Tupelo Regional looks to privatize its FBO

By Dennis Seid/NEMS Daily Journal

TUPELO – Tupelo Regional Airport is looking for a private company to run the operations of its fixed base operator, Tupelo Aviation Unlimited.
The FBO provides services such as fueling, aircraft rental, hangar rental, tie-downs and parking.
Airport Executive Director Josh Abramson said the airport is asking for proposals from private firms interested in running the day-to-day operations of TAU. The airport would retain the assets of the FBO, however.
He said the airport would cut costs by privatizing Tupelo Aviation Unlimited, which the authority created in 2007 after it bought out two former FBOs.
“For the first time since the buyout, Tupelo Aviation Unlimited actually made money for the airport in 2011,” Abramson said. “However the Tupelo Airport Authority and I feel a private entity can run that operation more efficient than a government entity.”
With a private company taking over, the airport would pay the firm a fixed fee to cover its staffing and management fees. It also would set a certain percentage of the profit for the company.
Abramson said new general aviation policies at the airport have helped it see “large growth” in 2011 with the addition of Universal Asset Management – an airplane recycling and leasing company – and Airline Maintenance Service, a company that will provide maintenance work for light turbine and turboprop planes.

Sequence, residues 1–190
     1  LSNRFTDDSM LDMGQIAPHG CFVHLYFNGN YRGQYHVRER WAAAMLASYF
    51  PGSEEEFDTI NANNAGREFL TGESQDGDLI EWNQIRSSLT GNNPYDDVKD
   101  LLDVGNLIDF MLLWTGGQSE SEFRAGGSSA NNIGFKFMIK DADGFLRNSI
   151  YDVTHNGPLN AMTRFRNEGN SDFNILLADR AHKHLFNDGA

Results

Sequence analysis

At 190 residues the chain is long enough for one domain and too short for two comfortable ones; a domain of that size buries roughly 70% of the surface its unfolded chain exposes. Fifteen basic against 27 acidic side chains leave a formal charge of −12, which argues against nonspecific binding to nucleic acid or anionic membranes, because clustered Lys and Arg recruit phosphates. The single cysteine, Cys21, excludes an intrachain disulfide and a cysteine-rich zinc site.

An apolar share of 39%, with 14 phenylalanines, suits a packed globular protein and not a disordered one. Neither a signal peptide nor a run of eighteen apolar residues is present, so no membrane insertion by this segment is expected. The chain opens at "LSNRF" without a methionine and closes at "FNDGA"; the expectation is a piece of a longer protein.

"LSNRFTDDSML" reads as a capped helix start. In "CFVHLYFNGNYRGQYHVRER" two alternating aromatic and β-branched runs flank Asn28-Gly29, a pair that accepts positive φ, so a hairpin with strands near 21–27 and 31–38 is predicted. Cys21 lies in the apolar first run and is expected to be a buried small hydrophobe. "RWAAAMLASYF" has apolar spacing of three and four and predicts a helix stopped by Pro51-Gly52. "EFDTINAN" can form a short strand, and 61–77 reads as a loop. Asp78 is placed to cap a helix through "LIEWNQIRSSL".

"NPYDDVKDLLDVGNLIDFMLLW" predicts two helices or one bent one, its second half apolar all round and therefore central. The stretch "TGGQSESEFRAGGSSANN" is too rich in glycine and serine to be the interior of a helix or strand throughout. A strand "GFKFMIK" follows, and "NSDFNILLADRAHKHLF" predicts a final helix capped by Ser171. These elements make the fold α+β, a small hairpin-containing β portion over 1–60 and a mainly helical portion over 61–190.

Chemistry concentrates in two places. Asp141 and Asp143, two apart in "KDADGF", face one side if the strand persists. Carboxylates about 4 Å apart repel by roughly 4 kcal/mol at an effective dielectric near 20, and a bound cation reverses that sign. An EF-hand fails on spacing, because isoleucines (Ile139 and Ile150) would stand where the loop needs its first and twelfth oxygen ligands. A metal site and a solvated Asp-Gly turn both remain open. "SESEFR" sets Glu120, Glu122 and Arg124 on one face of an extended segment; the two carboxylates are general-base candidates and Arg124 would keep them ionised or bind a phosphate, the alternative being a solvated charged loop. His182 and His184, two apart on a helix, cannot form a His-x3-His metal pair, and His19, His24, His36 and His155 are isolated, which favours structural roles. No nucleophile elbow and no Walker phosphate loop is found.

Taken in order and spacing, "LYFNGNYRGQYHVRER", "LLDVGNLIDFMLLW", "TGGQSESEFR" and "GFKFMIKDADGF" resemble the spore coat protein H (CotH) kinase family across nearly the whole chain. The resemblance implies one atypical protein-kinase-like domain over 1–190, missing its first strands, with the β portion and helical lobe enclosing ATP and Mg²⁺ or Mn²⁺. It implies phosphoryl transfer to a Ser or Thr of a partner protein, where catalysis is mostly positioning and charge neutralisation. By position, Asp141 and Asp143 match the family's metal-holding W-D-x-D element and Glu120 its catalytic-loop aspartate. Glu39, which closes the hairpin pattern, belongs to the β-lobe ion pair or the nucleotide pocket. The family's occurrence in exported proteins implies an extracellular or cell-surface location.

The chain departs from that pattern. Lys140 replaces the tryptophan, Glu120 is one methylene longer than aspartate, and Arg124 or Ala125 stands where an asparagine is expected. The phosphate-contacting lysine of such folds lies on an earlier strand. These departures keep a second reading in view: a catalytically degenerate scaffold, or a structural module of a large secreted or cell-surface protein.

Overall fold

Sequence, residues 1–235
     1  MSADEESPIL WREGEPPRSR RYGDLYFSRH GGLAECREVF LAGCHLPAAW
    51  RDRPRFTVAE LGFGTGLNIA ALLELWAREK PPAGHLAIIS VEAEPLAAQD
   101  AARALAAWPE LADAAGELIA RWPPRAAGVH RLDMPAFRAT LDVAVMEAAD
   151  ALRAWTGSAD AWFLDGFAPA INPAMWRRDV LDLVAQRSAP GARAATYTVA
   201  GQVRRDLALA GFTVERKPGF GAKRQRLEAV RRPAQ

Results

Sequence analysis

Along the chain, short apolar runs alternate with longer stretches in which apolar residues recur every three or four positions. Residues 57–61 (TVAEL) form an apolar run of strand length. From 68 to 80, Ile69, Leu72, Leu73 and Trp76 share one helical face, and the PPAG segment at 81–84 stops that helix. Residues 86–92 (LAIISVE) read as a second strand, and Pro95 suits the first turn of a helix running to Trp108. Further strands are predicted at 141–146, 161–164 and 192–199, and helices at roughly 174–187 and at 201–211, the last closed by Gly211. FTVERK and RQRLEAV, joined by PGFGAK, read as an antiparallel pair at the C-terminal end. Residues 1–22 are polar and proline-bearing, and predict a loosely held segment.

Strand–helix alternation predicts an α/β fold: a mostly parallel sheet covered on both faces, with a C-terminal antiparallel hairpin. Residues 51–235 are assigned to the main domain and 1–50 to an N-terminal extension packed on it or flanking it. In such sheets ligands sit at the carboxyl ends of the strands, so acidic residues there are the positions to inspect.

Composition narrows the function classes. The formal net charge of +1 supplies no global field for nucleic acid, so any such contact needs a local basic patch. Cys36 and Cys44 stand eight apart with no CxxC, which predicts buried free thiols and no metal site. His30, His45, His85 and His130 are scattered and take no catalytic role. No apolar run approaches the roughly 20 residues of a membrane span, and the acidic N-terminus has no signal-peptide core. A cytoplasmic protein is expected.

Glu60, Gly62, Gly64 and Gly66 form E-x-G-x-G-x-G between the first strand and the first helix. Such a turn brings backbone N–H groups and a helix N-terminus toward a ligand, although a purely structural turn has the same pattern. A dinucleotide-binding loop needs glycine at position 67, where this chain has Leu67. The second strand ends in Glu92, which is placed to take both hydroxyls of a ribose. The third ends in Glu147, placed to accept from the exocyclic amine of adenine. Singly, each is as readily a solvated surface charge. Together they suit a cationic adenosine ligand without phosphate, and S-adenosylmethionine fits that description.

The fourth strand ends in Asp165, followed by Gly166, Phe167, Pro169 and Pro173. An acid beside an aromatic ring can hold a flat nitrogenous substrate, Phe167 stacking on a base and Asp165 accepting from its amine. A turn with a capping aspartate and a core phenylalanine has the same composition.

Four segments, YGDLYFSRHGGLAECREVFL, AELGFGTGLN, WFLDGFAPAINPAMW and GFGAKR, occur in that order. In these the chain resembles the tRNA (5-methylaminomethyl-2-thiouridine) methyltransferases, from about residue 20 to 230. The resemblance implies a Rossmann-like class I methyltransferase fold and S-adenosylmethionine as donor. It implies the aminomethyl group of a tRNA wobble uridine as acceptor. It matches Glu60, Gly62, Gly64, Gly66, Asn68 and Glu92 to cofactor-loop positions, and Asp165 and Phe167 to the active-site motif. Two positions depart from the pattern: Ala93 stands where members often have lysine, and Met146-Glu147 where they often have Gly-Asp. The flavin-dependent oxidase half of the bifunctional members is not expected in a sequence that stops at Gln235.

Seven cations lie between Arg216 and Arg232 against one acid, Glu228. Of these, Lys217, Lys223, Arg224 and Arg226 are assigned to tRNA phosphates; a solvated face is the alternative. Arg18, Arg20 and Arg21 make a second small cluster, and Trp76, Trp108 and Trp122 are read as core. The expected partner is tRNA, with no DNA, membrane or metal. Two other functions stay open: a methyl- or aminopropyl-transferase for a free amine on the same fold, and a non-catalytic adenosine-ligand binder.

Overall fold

The deadline for proposals is Feb. 10. A special committee appointed by the airport board will make its selection.
Abramson said the goal is for the airport to exit the FBO business within five years.
Tupelo Regional began running its own FBO in 2007, following a buyout of Southernaire and Tupelo Aero.
In 2005, the companies balked at the airport’s decision to begin selling self-serve aviation fuel. The FBO owners filed a petition when the airport said it intended to buy a fuel truck and build a fuel farm to supply Delta Air Lines. They claimed the airport was attempting to directly compete with them.
The authority attempted to buy out the FBOs in 2006, but at least one offer was refused. The board later agreed in 2007 to buy the FBOs for $1.5 million, and the lawsuit was dropped.
To pay for the buyouts, the airport borrowed the money from the city on a 15-year note paying 4 percent interest. The airport and the authority then renamed the FBOs Tupelo Aviation Unlimited.
It operates as a separate business from the airport, but reports its operations to the authority.
dennis.seid@journalinc.com